“Substrate” is how many reptile keepers refer to their animal’s bedding. Opinions on appropriate bearded dragon substrate vary widely in the dragon keeper world. This is a list of options so you can pick one that fits your lifestyle, taste, and needs best.
If you choose to use a loose substrate, you will need approximately 80-120 quarts / 2.7-4 cubic feet of substrate in order to create a substrate layer 4-6″ deep in an enclosure with a 4×2 footprint.
If you are using an enclosure with a 6×2 footprint, you will need approximately 120-180 quarts / 4-6 cubic feet of substrate in order to create a substrate layer 4-6″ deep.
These substrates mimic a bearded dragon’s natural environment in Australia, making them the best. They are burrowable, which means that your dragon can dig in a nice thick layer of these substrates to its heart’s content. And although they are technically “loose” substrates, they do not pose an impaction risk because they pack well and are composed of natural materials that bearded dragon’s digestive tracts are built to handle. Pack the substrate 4-6″ deep for best results.
- Jurassic Natural Australian Desert Dragon Habitat — Actual Australian sand/soil harvested from Central Australia. It doesn’t get more natural than this!
- Jurassic Reptile Substrate — Dust-free, soft, natural sand with a very fine texture.
- Zoo Med ReptiSand — Super fine quartz sand available in white, red, or black (natural colors, not dyed). Not to be confused with Vita Sand or Reptilite!
- Exo Terra Desert Sand/River Sand — Super fine quartz sand available in yellow, red, black, or brown (natural colors, not dyed).
- The BioDude Terra Sahara substrate kit — Bioactive-ready and lasts a long time.
- DIY naturalistic mix — 50% sand (preferably very fine), 30% organic topsoil, 20% Zoo Med Excavator Clay. (NOT bioactive-ready!)
Still not convinced that loose substrate is safe? In a 2017 study (A survey of diseases in captive bearded dragons: a retrospective study of 529 patients by S. Schmidt-Ukaj et al.), despite most of the dragons having been housed on loose substrate, very few patients were impacted. Most of the few impaction cases that there were already sick with other conditions such as parasite infestation and MBD, which were attributed as causing the impaction.
These substrates retain heat well and are more attractive, but they are unlikely to offer digging/burrowing value.
- Zoo Med Excavator Clay
- Slate tile
These substrates are cheap, sterile, and make cleaning easy, but they’re better for quarantine than for long-term housing.
- Paper towels
DO NOT USE:
These substrates pose significant health risks to your bearded dragon!
- Calcium sand — leads to impaction if ingested due to presence of calcium carbonate
- Vitamin sand— leads to impaction if ingested due to presence of calcium carbonate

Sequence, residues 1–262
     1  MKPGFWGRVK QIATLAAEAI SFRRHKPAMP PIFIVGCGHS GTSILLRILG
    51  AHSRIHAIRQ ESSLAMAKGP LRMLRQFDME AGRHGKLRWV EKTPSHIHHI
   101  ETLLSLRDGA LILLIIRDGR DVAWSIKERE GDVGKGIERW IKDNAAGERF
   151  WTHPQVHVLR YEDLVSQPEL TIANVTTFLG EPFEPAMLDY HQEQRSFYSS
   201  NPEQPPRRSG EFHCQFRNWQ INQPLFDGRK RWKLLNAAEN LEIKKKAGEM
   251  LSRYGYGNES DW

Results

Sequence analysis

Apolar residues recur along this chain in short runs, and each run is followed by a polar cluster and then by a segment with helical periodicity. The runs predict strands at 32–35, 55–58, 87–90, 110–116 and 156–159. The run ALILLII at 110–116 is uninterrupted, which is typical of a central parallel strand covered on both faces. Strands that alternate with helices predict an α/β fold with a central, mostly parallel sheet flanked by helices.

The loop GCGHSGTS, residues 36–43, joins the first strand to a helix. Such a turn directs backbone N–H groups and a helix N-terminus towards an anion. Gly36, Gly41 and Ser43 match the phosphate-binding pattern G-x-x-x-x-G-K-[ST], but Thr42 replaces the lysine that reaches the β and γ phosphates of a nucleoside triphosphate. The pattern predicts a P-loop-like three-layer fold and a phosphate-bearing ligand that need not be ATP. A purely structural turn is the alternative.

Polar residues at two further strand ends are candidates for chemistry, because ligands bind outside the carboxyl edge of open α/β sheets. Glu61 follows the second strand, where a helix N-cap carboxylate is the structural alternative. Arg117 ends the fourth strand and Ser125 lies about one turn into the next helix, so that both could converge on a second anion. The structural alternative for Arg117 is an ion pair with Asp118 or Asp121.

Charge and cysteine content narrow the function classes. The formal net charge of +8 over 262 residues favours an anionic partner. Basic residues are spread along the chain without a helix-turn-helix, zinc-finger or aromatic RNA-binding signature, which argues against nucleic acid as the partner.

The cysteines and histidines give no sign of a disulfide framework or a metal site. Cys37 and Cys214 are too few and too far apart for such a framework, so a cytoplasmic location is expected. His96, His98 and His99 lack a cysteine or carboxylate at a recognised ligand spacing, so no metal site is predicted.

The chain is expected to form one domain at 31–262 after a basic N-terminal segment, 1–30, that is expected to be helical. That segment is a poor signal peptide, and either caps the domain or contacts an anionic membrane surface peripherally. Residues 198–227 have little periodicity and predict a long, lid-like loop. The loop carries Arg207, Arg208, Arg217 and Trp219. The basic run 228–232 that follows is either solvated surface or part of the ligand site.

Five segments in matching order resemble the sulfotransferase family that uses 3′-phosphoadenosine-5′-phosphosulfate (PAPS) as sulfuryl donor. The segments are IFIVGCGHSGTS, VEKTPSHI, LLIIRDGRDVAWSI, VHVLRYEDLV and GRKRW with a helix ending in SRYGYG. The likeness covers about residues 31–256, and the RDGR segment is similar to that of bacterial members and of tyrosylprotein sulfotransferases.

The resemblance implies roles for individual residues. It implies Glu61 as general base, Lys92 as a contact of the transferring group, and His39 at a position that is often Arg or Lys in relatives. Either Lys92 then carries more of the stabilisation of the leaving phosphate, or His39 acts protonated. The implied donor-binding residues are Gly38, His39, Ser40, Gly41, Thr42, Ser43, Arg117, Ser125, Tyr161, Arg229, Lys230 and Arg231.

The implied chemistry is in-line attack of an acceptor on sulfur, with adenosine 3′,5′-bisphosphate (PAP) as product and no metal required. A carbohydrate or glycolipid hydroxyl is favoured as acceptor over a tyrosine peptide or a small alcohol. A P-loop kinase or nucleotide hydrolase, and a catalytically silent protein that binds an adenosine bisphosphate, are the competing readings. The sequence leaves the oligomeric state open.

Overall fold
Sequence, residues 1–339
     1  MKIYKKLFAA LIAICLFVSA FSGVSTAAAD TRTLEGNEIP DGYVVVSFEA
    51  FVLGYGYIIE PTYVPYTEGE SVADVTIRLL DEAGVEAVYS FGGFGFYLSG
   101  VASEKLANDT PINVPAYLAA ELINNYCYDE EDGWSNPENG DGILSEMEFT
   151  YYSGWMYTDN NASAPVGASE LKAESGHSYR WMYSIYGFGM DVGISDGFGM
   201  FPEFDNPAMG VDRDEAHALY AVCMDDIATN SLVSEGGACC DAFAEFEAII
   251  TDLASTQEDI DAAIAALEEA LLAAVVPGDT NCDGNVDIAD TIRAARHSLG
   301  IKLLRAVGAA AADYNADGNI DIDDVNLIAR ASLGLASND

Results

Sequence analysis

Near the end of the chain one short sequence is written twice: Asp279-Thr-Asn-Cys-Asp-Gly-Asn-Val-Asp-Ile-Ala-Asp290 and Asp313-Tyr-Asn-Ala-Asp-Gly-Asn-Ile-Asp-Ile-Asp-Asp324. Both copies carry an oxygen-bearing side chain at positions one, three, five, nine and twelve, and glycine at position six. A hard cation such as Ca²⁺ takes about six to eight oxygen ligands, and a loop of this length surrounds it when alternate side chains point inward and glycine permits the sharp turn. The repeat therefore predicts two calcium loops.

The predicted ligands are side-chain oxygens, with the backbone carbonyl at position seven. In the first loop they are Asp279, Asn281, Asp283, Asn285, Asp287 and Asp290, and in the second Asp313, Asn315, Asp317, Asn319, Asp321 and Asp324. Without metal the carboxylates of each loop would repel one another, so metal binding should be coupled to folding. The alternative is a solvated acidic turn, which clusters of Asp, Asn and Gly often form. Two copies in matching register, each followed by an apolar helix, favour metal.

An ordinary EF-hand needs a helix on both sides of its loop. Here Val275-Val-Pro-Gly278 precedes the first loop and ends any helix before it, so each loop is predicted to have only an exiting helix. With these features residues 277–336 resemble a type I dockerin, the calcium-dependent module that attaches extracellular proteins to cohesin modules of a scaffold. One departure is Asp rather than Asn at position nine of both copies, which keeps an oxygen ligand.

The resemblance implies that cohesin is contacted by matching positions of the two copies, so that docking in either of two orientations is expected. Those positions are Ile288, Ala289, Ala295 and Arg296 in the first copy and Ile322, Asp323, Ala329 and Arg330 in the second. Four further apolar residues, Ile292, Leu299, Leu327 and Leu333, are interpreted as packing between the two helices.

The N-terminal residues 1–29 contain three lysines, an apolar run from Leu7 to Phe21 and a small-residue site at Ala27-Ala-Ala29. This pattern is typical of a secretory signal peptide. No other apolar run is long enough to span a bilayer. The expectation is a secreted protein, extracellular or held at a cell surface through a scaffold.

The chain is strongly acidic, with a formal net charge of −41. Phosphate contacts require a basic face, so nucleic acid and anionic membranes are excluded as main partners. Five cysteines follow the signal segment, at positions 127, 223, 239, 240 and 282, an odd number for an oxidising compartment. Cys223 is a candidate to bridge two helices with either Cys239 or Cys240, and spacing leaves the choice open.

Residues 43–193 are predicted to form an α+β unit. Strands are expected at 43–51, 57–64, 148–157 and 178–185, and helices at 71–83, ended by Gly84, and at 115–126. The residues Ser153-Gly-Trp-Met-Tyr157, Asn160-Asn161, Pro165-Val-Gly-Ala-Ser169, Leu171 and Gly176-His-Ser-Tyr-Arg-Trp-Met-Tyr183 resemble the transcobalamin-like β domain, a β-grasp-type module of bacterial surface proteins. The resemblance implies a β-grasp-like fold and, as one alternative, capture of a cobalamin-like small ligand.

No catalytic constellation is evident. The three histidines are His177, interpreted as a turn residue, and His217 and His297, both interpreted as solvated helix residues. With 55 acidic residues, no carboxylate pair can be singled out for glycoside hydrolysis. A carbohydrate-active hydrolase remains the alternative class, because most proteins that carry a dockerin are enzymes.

- Ground nut shell — dusty and causes impaction if accidentally ingested
- Wood products (bark, shavings, etc.) — causes impaction if accidentally ingested
- Linoleum — produces VOCs
- Shelf liner — produces VOCs
- Reptile carpet — fibrous nature traps and breeds bacteria, can also catch claws and break toes
What's the big deal about sand?
Using sand for bearded dragon substrate is highly controversial, and most folklore husbandry-based sources will tell you that sand is the devil’s substrate. However, when done correctly it can be an attractive and enriching part of your bearded dragon’s captive environment. Here are some common risks of sand and how to circumvent them:
- Dust – can be prevented by using high-quality sand. Play sand is the dustiest of them all.
- Dyes – are pretty easy to spot. If you see sand in an unnatural color (for example green, pink, or blue), it’s likely to be dyed, and will dye your dragon in turn. If you’re not sure, do some research on the product.
- Sticks to medical ointments – unavoidable. If your dragon is wearing an ointment, the best thing you can do is remove the sand or lay another type of substrate on top until treatment is completed. Tile and flagstone do well as temporary, immovable substrates.
Sand substrate should be completely replaced every 3-6 months to control bacterial growth. Spot-cleaning substrate daily will help it stay clean and odor-free. For best results, remove surrounding sand along with the waste.
DO NOT use calcium sand, Vita-Sand, Reptilite, or whatever else they’re calling it these days. Though it is advertised as a substrate-based calcium supplement, it has a nasty documented history of clumping up inside reptile intestines. The calcium carbonate also can neutralize stomach acid, preventing proper digestion. So even if it may be digestible, it can still interfere with digestion.
What about impaction?
Contrary to popular belief, sand does not cause impaction, and ReptiFiles has a whole article on the subject here. Dehydration, low basking temperatures, and high parasite loads cause impaction. A healthy bearded dragon should be able to handle being housed on a loose substrate with no problems, passing any sand particles that do get ingested safely through their poo.
After surveying the natural environment of Pogona vitticeps in Australia, Dr. Jonathon Howard found that their natural substrate is composed for the following:
- 0.3% gravel
- 1.5% silt
- 2.3% clay
- 95.9% fine sand (quartz and iron oxide)
In other words, bearded dragons evolved to thrive on a thick layer of packed Australian red sand. Jurassic Natural’s Australian Desert Dragon Habitat substrate is imported from Central Australia and the same as what many bearded dragons live on in the wild.